The module is core for students undertaking the SCPHN pathway. It can also be selected as an optional module in other pathways within the MSc Health Studies portfolio. The above skills acquisition contributes to UWS Graduate AttributesUniversal - critical thinking, analytical, inquiring, culturally aware, emotionally intelligent, ethically-minded, culturally aware, collaborative, research-minded and socially responsible; Work-Ready -knowledgeable, digitally literate, effective communicator, motivated, potential leader;  and Successful -autonomous, incisive, creative, resilient and daring.


Module Delivery Method
Face-To-FaceBlendedFully OnlineHybridCHybridOWork-based Learning
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Term used to describe the traditional classroom environment where the students and the lecturer meet synchronously in the same room for the whole provision.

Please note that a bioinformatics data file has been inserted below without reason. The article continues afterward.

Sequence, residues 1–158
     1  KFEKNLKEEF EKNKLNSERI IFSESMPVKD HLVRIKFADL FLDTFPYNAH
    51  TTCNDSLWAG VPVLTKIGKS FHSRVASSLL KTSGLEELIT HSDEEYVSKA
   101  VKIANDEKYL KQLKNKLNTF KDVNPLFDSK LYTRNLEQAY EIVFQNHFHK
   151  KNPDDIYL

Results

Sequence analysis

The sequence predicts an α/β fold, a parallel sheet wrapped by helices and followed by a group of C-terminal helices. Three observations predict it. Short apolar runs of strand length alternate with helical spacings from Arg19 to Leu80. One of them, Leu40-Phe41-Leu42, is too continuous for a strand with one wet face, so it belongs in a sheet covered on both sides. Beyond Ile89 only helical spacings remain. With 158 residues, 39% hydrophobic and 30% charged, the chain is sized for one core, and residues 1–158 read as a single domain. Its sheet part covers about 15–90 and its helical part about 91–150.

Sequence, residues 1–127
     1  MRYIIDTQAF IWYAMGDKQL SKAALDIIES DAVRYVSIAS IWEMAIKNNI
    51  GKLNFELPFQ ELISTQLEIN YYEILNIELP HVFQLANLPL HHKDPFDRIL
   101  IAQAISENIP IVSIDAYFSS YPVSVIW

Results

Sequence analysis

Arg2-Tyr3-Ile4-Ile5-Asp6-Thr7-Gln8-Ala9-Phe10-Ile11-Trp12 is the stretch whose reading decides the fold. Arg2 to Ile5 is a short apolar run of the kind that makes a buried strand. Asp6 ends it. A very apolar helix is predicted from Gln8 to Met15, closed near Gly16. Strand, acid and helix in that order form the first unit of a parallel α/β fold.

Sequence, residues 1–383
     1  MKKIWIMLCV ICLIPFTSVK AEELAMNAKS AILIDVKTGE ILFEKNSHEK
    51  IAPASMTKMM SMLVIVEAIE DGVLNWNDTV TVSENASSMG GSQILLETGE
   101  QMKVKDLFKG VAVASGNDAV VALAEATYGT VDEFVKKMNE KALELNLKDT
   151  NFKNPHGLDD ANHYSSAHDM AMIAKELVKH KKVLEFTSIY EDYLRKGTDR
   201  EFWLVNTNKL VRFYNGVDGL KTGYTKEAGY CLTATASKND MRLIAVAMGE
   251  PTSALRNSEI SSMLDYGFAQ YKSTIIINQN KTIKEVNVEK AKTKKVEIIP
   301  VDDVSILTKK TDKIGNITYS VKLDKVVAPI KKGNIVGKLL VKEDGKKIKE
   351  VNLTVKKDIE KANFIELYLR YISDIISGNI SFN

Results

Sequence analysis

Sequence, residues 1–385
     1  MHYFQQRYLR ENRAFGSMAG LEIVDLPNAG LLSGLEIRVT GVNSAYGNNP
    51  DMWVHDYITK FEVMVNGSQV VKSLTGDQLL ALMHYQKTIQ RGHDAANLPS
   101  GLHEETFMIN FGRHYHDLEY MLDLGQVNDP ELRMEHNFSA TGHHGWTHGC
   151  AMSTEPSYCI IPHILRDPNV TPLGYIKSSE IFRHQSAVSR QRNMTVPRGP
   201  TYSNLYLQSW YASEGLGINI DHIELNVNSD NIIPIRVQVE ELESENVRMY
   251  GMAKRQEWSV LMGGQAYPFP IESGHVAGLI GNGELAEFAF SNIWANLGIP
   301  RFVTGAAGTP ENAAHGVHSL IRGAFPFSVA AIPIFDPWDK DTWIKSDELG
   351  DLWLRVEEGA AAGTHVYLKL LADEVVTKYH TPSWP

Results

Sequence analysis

A mode of delivery of a module or a programme that involves online and face-to-face delivery of learning, teaching and assessment activities, student support and feedback. A programme may be considered “blended” if it includes a combination of face-to-face, online and blended modules. If an online programme has any compulsory face-to-face and campus elements it must be described as blended with clearly articulated delivery information to manage student expectations

Fully Online
Instruction that is solely delivered by web-based or internet-based technologies. This term is used to describe the previously used terms distance learning and e learning.

Online with mandatory face-to-face learning on Campus